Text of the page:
For some of us, it’s an uphill battle advocating for the teens in our libraries. Budgets are never quite large enough, there’s never enough time to do everything, so if any group gets the short end of the stick, it’s our teens. We all know how important it is to have teen programming and teen spaces and an excellent teen collection, but it can be difficult getting the higher-ups to see it our way. You might find, as I have, that you need to justify your teen programs beyond getting teens in the door.
No one really questions the benefits of Storytime for the kids. It’s fairly obvious how it fits in with the library’s mission. A teen Halloween party, on the other hand, might be subject to more scrutiny. Recently, I found out that the Halloween party I’d been planning for our teens didn’t pass muster in its current state. It wasn’t enough to try something to increase our program attendance. Our circ starts are awesome, but we have an unfortunate floor plan for our teens, so they don’t really have a place of their own to hang out. They get their books and go, which has made it a lot harder in creating relationships and encouraging them to come to programs. There was no way I was giving up on this party. Instead of a Halloween party, it’s now a Favorite Character party, where you must come dressed as your favorite book character (and act the part, if you’re really good). The activities we’ll have will tie in to our collection, like YA horror trivia, and we’ll be more book-focused than Halloween-focused.
The key to justifying a program or a service for teens is two-parted. First, tie it to your library’s mission. Say that your mission statement includes words like informational and enriching your community. There you go. Teens are part of the community and the Favorite Character party will enrich their lives by widening their exposure to the YA collection and allowing them to use their creativity to enhance what they’ve read to a tangible form while testing their knowledge and sparking their interest to seek more information about the horror genre.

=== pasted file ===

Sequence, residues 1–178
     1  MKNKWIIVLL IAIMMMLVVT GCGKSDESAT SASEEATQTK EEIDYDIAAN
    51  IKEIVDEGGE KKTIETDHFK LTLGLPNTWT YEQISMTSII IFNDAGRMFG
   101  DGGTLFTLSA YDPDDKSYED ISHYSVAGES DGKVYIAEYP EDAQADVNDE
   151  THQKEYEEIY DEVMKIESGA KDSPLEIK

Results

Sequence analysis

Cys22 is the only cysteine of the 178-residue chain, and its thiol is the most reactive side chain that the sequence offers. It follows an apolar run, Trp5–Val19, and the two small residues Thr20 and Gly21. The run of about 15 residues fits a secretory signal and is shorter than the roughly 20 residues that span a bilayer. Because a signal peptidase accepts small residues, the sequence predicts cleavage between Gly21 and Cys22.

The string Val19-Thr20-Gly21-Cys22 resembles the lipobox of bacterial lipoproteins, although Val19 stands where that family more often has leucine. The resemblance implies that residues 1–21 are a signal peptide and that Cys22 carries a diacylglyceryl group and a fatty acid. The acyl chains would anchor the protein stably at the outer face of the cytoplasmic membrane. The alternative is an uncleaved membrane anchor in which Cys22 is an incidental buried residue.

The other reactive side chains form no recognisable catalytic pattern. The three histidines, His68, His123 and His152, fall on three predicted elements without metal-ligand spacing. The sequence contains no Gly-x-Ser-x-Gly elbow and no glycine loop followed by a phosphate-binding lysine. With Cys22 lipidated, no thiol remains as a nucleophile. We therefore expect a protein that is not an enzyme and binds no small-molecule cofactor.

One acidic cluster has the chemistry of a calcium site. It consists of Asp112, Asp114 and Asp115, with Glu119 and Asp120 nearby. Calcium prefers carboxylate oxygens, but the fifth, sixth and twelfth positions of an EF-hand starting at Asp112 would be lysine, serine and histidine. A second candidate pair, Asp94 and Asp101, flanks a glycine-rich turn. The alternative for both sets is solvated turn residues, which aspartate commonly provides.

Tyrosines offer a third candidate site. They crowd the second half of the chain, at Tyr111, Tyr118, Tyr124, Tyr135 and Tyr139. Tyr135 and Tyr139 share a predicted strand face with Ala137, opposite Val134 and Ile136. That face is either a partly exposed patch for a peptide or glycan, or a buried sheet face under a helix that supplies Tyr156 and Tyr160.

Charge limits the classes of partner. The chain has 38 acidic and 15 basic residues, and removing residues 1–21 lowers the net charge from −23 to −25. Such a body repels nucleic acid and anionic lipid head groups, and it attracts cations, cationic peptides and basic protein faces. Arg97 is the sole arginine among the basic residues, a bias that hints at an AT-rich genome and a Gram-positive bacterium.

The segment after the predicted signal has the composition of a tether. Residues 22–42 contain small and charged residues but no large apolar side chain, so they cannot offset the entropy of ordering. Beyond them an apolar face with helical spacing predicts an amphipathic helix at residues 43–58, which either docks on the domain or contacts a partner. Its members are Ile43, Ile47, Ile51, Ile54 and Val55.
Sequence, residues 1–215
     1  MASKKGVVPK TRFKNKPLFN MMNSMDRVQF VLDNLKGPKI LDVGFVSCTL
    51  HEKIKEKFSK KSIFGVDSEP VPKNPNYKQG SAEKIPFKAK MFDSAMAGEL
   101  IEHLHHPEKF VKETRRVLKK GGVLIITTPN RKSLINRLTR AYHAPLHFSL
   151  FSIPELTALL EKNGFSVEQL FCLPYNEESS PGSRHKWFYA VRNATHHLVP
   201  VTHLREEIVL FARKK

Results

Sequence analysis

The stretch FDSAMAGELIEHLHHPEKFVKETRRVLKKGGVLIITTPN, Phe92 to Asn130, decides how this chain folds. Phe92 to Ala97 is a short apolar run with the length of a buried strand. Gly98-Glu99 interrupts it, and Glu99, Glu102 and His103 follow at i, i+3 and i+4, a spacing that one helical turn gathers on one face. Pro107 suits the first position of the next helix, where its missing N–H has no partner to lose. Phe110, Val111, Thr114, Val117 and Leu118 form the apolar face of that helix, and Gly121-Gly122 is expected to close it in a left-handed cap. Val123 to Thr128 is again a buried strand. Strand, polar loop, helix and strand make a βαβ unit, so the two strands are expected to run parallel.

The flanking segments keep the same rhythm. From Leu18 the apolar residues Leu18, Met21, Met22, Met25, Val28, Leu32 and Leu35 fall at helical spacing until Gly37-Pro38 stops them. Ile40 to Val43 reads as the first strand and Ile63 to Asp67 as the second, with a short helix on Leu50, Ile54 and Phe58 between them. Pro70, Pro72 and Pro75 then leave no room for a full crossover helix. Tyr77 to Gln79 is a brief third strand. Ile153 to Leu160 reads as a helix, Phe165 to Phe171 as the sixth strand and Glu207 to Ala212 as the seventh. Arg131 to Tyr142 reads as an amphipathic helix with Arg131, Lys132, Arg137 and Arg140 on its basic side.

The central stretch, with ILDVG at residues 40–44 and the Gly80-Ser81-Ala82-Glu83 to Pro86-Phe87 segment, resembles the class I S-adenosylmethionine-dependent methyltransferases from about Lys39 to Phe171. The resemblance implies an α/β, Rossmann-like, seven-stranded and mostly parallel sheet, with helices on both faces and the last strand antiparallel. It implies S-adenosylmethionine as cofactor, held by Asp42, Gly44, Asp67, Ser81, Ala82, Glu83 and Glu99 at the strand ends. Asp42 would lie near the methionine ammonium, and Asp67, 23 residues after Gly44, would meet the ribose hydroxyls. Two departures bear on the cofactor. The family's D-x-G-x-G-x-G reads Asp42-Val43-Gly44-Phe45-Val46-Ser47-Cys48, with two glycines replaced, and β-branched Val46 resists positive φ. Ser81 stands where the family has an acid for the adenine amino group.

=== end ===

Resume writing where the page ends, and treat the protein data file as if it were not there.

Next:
Second, beyond the direct result of such a program, look for other possible objectives. For example, providing a program for teens not only accomplishes the objectives of the program, but also gives teens a feeling of being welcome in the library. Teens who feel welcome in the library may be more interested in volunteer opportunities at the library. Teens who volunteer can take over tasks, such as shelving or shelf reading, from staff members, who are then free to complete other tasks. This in turn can lead to improved customer service because staff members will be able to spend more time with patrons and will be less stressed about helping someone with a particularly difficult or time-consuming problem because they will know that they have the time to devote to the problem.
It would be great if we could have teen programs just because they’re fun and it’s what our teens want, but a lot of us are under constraints that are out of our hands. Being prepared to justify your programs might mean that you’ll need to broaden your focus to find the positive outcomes.